Ossurworld wants to announce that a collection of reviews and commentaries on documentaries, docudramas, and biopics, is now available on Amazon.com for discerning movie fans and smart readers.

If Pontius Pilate asked, “What is truth?” he’d be accused today of being a fake news critic…We have mixed up the real documentaries with those based on a true story in this compendium. You likely can guess when you have a real documentary on your hands, but not always. Sometimes it’s a biopic, or a docudrama, or just speculative facts and opinion. Sometimes the film is a masterpiece, and sometimes it’s just another movie.

We are sure that Ossurworld will start giving these away with a set of dishes sometime in the future. We think these reviews are swell, sometimes even funny. We hope you will too.

*Includes a few TV reviews.

 

Acknowledging the Unacknowledged

DATELINE:    World’s Biggest Secret?

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When you make an audacious claim that you are about to acknowledge the greatest secret in history, you better have a good one. Asking the audience to suspend belief on whether your movie is truthful may be too much to ask, or asking for trouble.

Unacknowledged: An Expose of the World’s Greatest Secret, a production from an arm of the lobby run by Dr. Steven Greer, takes a big bite out of the American pie.

We have not flinched in the task of looking at dubious documentaries that bring ridicule from a wide group of the population when it comes to an alien presence on Earth. The biggest budget, most powerful of all these documentaries, came out in 2017, flying in the face of the dangers of having government black ops who may wipe them out for the revelations. Yes, there’s an annual black hole of billions of dollars going into the budget of black ops, with no control from the U.S. Congress. It is scary.

So far, the government has benignly ignored the most shocking, by its own boast, of all UFO conspiracy movies.

We can recall Harry Lime in The Third Man claiming he would think nothing of removing a few “dots” of people from his mighty and lofty perch for a profit. It would seem Dr. Steven Greer has found that attitude prevalent among a shadow government that runs the black ops side of the United States.

This intelligent and well-produced documentary features some horrific images of the 20th and 21st century that are not usually shown on TV. If the plan is to shock us into fear, they are doing a good job. It seems, according to this theory, “they” will erase you if you try to stop them.

The enemy is not space aliens if this film theory is correct, but a consortium of the military-industrial complex that does not want to lose its grip on profit from world order. Werner Von Braun warned on his deathbed that they would use an alien attack, convincingly staged, to keep control of the world by enlisting the public’s support.

Greer enlists an array of impressive people, out of the closet, to state the ancient astronauts are out there, waiting to help us combat those who’d destroy the planet for profit. It’s like putting a cherry on a mud pie.

You may also wonder why Dr. Greer has not been assassinated for leading the call for citizen outreach to the five or six extraterrestrial civilizations that are visiting Earth regularly. He believes the governments have been co-opted, if not corrupted, and presidents are mere pawns of fake news.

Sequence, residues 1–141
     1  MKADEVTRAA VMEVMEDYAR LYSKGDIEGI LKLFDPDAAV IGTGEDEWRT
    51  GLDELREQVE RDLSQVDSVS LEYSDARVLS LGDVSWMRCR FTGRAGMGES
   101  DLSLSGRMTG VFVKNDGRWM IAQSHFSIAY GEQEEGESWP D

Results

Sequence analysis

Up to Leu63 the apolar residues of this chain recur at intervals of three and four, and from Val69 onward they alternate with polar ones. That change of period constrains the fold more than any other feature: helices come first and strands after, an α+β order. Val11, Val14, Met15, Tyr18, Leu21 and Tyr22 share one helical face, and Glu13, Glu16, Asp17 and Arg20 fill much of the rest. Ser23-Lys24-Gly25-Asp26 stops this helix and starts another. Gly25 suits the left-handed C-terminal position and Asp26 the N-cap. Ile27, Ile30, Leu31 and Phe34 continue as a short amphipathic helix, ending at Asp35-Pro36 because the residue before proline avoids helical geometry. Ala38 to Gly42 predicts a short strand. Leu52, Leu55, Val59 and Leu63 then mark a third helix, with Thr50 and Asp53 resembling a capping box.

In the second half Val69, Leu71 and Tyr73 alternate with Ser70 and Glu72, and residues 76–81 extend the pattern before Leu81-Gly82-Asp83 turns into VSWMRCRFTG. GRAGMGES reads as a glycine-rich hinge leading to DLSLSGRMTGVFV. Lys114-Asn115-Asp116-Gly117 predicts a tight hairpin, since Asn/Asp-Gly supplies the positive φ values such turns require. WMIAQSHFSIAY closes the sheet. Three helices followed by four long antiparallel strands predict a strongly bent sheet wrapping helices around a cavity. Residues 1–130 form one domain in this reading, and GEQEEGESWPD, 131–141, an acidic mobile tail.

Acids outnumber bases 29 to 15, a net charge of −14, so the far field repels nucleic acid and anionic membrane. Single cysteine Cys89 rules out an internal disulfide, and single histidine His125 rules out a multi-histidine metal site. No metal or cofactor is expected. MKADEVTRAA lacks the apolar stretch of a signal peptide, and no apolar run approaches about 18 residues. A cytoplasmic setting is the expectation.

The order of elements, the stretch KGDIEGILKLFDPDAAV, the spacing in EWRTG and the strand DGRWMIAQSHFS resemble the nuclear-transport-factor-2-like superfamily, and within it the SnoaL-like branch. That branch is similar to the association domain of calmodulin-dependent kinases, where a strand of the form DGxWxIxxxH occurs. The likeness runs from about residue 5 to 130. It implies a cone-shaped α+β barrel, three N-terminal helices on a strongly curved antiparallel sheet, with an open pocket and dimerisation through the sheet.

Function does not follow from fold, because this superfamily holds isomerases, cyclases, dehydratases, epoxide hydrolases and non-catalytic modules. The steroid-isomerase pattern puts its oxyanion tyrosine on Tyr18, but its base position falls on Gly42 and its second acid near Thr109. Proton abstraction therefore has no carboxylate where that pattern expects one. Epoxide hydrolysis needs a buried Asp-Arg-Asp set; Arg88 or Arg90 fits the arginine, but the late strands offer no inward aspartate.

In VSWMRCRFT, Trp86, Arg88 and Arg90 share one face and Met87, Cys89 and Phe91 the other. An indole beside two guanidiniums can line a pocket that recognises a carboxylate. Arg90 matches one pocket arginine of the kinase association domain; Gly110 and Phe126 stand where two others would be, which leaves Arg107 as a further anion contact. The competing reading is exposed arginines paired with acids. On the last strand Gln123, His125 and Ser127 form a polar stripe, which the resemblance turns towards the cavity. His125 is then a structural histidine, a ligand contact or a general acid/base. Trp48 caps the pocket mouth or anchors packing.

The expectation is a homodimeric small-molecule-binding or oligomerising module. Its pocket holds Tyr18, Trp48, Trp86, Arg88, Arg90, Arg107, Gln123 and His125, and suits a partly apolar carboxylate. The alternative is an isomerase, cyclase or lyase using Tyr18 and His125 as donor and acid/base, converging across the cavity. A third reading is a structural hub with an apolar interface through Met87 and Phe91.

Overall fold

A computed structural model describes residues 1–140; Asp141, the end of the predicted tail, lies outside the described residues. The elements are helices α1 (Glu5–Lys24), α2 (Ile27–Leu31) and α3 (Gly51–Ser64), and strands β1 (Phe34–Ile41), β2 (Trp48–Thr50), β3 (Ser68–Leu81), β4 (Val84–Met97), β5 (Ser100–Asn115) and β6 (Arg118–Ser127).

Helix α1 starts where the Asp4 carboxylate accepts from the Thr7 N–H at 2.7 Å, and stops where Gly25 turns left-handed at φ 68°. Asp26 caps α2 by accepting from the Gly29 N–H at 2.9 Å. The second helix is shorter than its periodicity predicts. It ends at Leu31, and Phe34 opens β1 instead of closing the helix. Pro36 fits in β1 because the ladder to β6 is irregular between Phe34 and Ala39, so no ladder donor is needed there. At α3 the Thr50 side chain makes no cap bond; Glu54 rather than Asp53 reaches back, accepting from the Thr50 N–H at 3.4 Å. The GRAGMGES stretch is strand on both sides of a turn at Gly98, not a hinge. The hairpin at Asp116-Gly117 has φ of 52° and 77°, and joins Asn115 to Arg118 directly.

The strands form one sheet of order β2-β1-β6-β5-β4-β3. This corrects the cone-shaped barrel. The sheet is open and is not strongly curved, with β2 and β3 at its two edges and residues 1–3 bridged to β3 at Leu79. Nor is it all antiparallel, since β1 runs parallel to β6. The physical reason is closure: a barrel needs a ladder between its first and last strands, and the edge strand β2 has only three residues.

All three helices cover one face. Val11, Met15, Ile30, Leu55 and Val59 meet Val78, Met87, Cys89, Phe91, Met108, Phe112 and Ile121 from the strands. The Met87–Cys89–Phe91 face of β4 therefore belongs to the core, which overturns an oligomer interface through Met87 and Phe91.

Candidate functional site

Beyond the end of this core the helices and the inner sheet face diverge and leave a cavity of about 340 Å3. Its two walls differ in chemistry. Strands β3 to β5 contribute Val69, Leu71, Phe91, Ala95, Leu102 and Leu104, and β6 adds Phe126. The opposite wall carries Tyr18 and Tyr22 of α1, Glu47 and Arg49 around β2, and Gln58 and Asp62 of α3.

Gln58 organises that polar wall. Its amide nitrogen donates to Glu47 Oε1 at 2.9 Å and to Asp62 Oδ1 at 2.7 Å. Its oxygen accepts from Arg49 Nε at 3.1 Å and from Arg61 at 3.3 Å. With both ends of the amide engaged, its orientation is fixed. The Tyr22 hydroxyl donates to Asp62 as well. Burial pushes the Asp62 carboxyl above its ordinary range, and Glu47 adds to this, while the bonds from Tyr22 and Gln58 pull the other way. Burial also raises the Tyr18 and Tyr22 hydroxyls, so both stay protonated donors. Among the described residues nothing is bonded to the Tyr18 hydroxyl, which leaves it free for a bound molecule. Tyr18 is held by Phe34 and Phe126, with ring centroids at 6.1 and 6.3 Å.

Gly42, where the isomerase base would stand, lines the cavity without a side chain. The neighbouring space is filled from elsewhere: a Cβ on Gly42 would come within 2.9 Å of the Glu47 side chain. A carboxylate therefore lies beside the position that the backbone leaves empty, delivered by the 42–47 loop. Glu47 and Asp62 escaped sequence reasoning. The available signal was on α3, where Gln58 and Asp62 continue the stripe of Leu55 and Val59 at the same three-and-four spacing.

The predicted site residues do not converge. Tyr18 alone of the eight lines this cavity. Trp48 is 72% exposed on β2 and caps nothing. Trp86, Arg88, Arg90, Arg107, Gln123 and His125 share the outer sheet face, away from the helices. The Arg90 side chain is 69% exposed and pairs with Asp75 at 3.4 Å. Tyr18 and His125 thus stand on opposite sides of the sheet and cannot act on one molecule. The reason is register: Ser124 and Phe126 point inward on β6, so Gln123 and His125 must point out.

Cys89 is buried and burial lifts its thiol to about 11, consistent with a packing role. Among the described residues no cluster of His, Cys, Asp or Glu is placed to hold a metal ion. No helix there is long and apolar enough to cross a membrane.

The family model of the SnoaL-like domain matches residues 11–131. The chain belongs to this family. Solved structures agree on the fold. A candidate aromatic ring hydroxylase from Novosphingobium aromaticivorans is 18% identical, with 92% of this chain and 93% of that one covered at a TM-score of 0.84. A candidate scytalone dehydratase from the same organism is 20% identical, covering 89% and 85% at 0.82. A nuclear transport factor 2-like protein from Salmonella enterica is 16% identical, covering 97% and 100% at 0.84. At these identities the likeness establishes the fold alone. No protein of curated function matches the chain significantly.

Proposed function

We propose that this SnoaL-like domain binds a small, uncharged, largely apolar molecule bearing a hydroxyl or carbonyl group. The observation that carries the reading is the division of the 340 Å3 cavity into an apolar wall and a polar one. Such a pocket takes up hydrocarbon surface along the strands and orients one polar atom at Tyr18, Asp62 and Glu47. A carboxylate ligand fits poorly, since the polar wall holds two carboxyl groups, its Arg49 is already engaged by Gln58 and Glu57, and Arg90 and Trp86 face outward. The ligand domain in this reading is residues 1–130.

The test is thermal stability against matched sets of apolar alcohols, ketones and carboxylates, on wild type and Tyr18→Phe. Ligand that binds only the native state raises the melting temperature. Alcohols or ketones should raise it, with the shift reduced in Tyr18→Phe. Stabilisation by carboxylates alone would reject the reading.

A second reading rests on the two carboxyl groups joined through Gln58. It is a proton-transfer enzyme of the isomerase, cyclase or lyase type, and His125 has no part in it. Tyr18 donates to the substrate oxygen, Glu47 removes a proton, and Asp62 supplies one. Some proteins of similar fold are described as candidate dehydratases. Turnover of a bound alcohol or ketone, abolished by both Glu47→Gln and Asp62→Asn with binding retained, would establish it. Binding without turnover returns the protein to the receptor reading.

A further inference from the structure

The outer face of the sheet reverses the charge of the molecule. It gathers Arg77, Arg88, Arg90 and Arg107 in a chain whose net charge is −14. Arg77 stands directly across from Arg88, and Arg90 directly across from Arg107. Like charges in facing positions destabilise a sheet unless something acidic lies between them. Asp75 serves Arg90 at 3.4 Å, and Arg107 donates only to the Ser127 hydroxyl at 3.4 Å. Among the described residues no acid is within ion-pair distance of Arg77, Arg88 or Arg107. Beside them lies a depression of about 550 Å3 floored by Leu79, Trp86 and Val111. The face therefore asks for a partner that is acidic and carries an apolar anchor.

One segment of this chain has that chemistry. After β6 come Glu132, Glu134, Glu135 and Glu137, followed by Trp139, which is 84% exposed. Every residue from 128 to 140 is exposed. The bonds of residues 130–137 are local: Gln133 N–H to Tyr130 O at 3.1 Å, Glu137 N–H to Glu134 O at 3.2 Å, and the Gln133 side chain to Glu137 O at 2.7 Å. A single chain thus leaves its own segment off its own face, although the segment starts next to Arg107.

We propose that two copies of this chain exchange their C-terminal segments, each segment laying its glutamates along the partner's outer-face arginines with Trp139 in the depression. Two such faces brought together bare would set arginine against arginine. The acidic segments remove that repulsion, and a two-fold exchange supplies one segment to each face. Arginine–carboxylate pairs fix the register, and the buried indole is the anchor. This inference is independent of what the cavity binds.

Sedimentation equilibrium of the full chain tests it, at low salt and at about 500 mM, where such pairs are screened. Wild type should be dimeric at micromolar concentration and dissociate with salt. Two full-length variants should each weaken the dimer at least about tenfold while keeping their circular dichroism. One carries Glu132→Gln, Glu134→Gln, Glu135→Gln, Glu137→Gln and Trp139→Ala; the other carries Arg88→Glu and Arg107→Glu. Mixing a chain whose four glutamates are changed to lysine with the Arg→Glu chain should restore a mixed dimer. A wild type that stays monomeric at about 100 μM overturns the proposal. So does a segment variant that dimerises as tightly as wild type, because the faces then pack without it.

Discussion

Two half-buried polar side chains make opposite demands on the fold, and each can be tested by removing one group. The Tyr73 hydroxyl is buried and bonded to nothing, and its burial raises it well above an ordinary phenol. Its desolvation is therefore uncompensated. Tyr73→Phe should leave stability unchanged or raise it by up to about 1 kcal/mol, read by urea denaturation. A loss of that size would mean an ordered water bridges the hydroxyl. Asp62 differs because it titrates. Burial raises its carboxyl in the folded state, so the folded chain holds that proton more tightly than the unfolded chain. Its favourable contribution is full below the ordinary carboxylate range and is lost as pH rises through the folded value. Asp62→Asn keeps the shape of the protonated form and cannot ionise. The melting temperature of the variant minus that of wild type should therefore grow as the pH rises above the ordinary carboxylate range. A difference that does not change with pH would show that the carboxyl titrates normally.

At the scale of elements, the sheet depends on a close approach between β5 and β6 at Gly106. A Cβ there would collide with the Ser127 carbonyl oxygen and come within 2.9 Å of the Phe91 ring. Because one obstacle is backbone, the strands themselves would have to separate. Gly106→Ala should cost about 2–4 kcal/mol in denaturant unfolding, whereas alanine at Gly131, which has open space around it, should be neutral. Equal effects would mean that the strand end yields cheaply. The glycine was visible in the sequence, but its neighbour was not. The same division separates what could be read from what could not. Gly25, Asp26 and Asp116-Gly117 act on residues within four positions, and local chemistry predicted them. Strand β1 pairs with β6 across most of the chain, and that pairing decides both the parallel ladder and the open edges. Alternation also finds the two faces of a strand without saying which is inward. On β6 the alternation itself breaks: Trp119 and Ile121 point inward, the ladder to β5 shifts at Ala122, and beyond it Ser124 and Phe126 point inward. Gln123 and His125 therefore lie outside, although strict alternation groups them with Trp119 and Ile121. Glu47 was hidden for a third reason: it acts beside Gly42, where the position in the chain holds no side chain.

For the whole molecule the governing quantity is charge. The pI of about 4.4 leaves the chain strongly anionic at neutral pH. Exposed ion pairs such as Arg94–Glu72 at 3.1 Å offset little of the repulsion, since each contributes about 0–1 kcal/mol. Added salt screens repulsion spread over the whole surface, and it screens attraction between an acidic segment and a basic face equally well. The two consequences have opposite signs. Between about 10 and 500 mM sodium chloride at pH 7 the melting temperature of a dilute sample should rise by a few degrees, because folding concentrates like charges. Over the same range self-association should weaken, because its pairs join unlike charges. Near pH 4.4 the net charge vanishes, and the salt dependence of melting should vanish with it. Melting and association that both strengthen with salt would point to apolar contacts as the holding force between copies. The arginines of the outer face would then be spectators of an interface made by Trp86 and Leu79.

Clearly this well-financed movie documentary indicates that the true believers are striking back at the empire of billionaires with their own money.

This may be the ultimate movie about truth, justice, and the American Way. Heaven help us, but if we are waiting for a visitor from a strange planet with super powers to rescue society, it’s already too late.

Gore Vidal & William F. Buckley Go at It Forever

DATELINE: TV at Its Worst

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Best of Enemies may be one of the most striking and tragic of all documentaries. In it the two people we most admired in the 1960s devolved into caricatures of themselves.

Now collected forever, their 1968 debates on ABC TV during the Democratic and Republican conventions set the tone for media fracas that are now nightly irritations on Fox and CNN.

The two men were denizens of snobbery, elitist representatives of politics and entertainment who became emblems of clashing cultures in a divided America.

Their witty and amusing opening debates quickly became nastier and ended with slander and mockery. Neither man ever recovered from their encounters and fed off a lifelong hatred for the other that now extends into eternity.

Vidal famously called Buckley a “crypto-Nazi,” though many incorrectly recall terms like neo-Nazi. Buckley promised to punch his counterpointing enemy as a “fag” who was “smashed.”

It was live TV and beyond censorship while TV executives watched it in unabashed shock. Delayed tape followed not long after—and fireworks became the massage of Marshall McLuhan’s medium. Yet, the first time this happened it was between the coolest of intellectuals and gentlemen.

Buckley and Vidal were two of the most dissimilar peas in a pod you could find: it was more like matter and anti-matter. Their lives combusted as a result of these short encounters.

The documentary runs the gamut from hilarity to morose despondency over America’s crushing problems. The two combatants seem to have given birth to a political monstrum horrendum in 1968 on live television. This film may provide you with numbing insight, or devastating disgust.

You need to see it.